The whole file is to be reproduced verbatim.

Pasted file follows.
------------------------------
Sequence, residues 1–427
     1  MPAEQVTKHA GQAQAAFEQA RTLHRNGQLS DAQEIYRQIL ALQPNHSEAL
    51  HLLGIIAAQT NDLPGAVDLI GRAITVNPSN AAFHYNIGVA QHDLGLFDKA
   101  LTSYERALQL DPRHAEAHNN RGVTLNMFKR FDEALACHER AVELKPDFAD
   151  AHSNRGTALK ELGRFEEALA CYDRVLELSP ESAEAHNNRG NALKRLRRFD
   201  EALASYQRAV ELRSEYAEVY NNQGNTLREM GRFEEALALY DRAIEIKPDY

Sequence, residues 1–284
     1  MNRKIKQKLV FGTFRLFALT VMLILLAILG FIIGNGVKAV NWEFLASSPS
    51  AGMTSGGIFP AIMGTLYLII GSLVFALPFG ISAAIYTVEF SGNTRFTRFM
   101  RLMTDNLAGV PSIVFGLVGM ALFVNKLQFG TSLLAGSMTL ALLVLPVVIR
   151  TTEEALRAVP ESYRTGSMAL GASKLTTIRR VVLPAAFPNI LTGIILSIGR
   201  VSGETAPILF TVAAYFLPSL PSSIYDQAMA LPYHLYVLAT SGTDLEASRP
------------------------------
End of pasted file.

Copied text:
Sequence, residues 1–427
     1  MPAEQVTKHA GQAQAAFEQA RTLHRNGQLS DAQEIYRQIL ALQPNHSEAL
    51  HLLGIIAAQT NDLPGAVDLI GRAITVNPSN AAFHYNIGVA QHDLGLFDKA
   101  LTSYERALQL DPRHAEAHNN RGVTLNMFKR FDEALACHER AVELKPDFAD
   151  AHSNRGTALK ELGRFEEALA CYDRVLELSP ESAEAHNNRG NALKRLRRFD
   201  EALASYQRAV ELRSEYAEVY NNQGNTLREM GRFEEALALY DRAIEIKPDY

Sequence, residues 1–284
     1  MNRKIKQKLV FGTFRLFALT VMLILLAILG FIIGNGVKAV NWEFLASSPS
    51  AGMTSGGIFP AIMGTLYLII GSLVFALPFG ISAAIYTVEF SGNTRFTRFM
   101  RLMTDNLAGV PSIVFGLVGM ALFVNKLQFG TSLLAGSMTL ALLVLPVVIR
   151  TTEEALRAVP ESYRTGSMAL GASKLTTIRR VVLPAAFPNI LTGIILSIGR
   201  VSGETAPILF TVAAYFLPSL PSSIYDQAMA LPYHLYVLAT SGTDLEASRP